West Struggles With Definition of Jihad [incl. John Esposito]
Since Sept. 11, few words have been considered more controversial than the term "jihad" in theological, political, and military discussions.
Apologists for Islamic radicalism immediately raced after 9/11 to convince the West that "jihad" is predominantly understood in a peaceful way. Many in the West accepted and relied on this comforting definition without adequate scientific research in Arabic and Islamic literature.
For example, John O. Brennan, assistant to the president for Homeland Security and Counterterrorism, mentioned that the meaning of jihad is to ". . . purify oneself or to wage a holy struggle for a moral goal" in a speech at the Center for Strategic and International Studies on Aug. 6.
In addition, John Esposito and Dalia Mogahed defined jihad in their book �Who speaks for Islam� in the same peaceful way.
Hiding the violent meaning of jihad has also permeated reputable encyclopedias for terrorism such as �Encylopedia of Terrorism� by Combs & Slann (See Revised Edition Infobase Publishing, page: 165)
According to classical Islamic texts and sources, jihad can be understood in several ways. Some are very violent and others are peaceful.
Scientific honesty necessitates that we present all views about the meaning of the word jihad instead of selecting the definition that makes us feel most comfortable.
The following facts MUST be addressed to understand the most dominant meaning of the word jihad in the Muslim world:
- Currently, the words "jihadi Islam" are used by the mainstream Arab media to refer to the violent form of Islam. If jihad is mainly peaceful, why do the Arab media use the word predominantly to describe violent Islam? (Note: jihad is the noun, jihadi is the adjective)
- The word jihad is interpreted in most of the reputable traditional Islamic books in a violent manner. One of the many available examples, al-Shawkaneei's interpretation for the Quran mentions for Sura 9, Verse 73 that "Jihad against the Infidels is achieved by fighting them until they submit to Islam". Is this the moral goal that Brennan's speech writers and "Islamic experts" are alluding to? Why would it be that he the most reputable Islamic scholars understood jihad in such a way if it was predominantly peaceful?
- Modern Islamic books written by top Islamic scholars and distributed globally still adopt the violent meaning of the word to fight the disbelievers until "Allah alone is worshiped". For example, Minhaj al-Muslim  states clearly that the aim of violent jihad is that "Allah alone is worshiped." Minhaj al-Muslim is published in Saudi Arabia, London, Houston, and New York and is written by al-Jaza'iry, who is a lecturer in the Noble Prophetic Mosque in Saudi Arabia. This position is one of the highest positions in Islam that could be attained by any Muslim scholar. It is unrealistic to assume that he, too, does not understand the definition of jihad.
- If the word jihad is primarily understood in a peaceful way, why do we not hear about peaceful jihadi organizations? The word jihad is almost always used by the violent radical groups. If the word is understood predominantly in a peaceful way, we would have seen it used predominantly by peaceful Islamic organizations rather than the violent ones.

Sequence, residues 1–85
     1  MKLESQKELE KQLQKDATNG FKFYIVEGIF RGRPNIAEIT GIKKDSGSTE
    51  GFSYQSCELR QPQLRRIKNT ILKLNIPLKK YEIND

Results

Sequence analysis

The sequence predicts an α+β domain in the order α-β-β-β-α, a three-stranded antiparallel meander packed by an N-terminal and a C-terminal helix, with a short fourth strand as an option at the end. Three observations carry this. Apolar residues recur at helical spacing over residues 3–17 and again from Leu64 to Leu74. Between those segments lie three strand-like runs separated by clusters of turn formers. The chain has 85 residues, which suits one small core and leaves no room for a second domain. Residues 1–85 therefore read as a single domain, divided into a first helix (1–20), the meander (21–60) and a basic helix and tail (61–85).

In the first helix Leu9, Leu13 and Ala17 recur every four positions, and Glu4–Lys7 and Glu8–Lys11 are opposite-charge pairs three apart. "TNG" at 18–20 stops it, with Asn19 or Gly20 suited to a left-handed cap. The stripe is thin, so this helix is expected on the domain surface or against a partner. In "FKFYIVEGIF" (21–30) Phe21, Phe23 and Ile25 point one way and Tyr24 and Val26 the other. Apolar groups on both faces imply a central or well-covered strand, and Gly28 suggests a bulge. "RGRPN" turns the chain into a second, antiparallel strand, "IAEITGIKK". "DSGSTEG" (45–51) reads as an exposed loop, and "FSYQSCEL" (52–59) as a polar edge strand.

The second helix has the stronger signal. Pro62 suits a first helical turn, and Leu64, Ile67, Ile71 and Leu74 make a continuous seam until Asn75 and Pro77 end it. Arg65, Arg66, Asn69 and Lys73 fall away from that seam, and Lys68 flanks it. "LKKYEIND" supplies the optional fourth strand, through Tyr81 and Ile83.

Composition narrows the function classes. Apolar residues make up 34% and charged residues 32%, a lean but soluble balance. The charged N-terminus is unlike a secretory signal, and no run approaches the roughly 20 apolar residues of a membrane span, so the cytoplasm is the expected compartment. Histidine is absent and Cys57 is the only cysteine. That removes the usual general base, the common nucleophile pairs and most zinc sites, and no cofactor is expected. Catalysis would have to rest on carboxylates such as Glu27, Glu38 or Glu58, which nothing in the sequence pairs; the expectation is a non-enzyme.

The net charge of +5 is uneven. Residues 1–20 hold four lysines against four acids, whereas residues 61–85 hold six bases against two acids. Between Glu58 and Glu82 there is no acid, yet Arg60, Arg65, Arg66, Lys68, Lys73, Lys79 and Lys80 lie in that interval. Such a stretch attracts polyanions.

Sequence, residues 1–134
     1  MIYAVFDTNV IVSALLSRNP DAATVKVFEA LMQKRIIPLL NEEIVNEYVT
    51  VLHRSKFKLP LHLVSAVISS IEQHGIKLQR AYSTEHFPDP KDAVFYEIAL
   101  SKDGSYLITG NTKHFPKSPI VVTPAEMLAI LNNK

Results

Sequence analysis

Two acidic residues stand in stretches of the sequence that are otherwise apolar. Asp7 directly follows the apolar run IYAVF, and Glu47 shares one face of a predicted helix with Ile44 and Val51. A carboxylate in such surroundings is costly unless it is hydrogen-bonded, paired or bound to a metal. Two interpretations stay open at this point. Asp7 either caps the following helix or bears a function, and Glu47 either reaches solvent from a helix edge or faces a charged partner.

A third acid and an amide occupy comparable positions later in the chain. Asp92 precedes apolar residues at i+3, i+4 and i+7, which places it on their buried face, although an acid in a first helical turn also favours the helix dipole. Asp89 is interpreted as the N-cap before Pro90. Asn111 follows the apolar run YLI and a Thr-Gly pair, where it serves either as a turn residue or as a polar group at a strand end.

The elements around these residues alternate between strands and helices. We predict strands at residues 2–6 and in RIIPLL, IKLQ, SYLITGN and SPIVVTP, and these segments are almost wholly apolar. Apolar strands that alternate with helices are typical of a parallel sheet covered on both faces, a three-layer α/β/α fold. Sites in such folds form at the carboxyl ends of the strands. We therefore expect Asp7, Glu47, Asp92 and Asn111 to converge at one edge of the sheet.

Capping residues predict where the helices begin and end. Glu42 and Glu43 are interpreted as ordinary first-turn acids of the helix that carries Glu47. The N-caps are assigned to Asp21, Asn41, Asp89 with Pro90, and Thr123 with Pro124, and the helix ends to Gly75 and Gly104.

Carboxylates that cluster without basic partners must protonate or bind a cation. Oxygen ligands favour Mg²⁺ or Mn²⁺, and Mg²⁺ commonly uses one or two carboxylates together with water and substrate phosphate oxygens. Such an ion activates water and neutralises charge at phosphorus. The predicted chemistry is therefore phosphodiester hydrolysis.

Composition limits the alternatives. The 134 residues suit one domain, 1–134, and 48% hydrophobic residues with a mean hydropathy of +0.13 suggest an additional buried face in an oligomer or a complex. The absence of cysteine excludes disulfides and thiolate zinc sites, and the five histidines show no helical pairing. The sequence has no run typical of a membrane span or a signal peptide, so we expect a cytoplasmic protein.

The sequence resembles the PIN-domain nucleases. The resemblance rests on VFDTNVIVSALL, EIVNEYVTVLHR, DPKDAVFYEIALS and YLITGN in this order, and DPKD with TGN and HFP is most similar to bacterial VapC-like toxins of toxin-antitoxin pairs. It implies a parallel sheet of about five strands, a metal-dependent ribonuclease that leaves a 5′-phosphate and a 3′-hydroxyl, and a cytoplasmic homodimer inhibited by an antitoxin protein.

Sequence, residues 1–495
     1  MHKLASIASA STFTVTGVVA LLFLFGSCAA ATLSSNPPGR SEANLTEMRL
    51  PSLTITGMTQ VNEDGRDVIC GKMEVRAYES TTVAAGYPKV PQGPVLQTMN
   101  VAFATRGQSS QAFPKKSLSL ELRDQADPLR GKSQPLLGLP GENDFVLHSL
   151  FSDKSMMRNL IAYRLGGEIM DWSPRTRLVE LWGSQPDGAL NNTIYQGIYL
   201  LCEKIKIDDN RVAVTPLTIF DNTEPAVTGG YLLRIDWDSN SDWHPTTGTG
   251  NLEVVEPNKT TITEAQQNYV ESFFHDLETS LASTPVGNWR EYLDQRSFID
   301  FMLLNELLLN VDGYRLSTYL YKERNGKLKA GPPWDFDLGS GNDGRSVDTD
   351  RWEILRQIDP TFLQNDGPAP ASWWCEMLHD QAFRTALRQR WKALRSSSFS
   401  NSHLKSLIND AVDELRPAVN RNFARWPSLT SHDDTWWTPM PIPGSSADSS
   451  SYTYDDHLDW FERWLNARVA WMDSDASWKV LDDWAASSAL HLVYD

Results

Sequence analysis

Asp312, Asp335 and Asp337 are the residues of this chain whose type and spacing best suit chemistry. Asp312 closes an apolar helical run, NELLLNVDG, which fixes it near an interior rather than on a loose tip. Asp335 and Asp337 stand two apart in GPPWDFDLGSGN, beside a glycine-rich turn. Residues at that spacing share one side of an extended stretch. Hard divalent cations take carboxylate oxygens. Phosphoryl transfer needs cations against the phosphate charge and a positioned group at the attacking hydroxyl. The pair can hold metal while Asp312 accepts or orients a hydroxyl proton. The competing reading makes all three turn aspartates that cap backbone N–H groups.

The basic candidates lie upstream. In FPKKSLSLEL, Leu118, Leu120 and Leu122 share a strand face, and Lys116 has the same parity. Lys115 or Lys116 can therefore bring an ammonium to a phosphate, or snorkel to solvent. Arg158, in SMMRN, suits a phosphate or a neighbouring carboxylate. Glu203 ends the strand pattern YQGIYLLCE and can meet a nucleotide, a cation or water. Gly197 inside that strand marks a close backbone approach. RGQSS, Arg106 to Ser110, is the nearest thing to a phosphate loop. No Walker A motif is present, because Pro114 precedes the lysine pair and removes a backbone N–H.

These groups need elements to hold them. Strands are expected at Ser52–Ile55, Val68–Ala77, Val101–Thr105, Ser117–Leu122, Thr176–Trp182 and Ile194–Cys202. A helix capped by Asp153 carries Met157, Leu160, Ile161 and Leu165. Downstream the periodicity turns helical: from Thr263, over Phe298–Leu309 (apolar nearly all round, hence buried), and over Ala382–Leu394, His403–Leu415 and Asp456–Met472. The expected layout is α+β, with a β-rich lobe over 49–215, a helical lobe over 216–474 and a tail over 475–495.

- The hadith (or sayings of the Prophet Muhammad) that described jihad as a struggle against one's desires ("It is the striving of the servant against his desires") is a Daiif or weak (unbinding) Hadith. 
- Modern Islamic scholars such as Yusuf Al-Quradawy who are considered "moderates" by many in Western media and academia mention clearly that jihad has to be conducted via wars to spread Islam and make Islam as the only religion . How is it that such a knowledgeable and leading "moderate" Islamic scholar is not aware of the meaning of the word jihad while non-Arabic speakers are aware of it?
It is fair to say that jihad "can be" understood in a peaceful way. However, there is huge difference between saying that "Jihad can be understood in a peaceful way" and "Jihad is a peaceful concept." The former is an honest and accurate statement, while the latter is a wrong and deceiving one that indicates a serious lack of knowledge.
Creating a Western definition for a word that does not represent how it is primarily used by native Arabic speakers and in Islamic text is both misleading and dangerous to our national security. It would be great to convince Arabic speakers and the Muslim world to change the meaning of the word instead of deceiving ourselves. The change must occur in Muslims� educational books rather than in the public statements they release to the West to convince it that jihad is peaceful.
The most effective way to know the true meaning of jihad is to simply evaluate how the word is used by the Arab street and how it is defined in Islamic texts and in the Arab media, as seen above. As Brennan wisely put it in his speech, "How you define a problem shapes how you address it," and eight years after September 11, we are still having problems defining the problem.�
 John Esposito and Dalia Mogahed, �Who Speaks for Islam� (Gallop Press, 2007), p. 75.
 Fath Al-Quadeer, Dar Al-Kitab Al-Arabi [Arabic] 2005
 Darussalam Publisher 2001 First Edition
 See: �Mihaj Al-Muslim First Edition� by Al-Jaza'iry, Chapter 5 (Volume two), page 167
 Islamic Revival series by Yusuf Al-Quradawy, Islamic Solution is an Obligation and a Necessity [Arabic], page 91.
Dr. Tawfik Hamid is the author of "Inside Jihad." He was a former associate of Dr. al-Zawahiri (second in command of al-Qaida) and currently he is a reformer of Islam. To know more about Hamid please visit www.tawfikhamid.com.
Related Topics: Georgetown University
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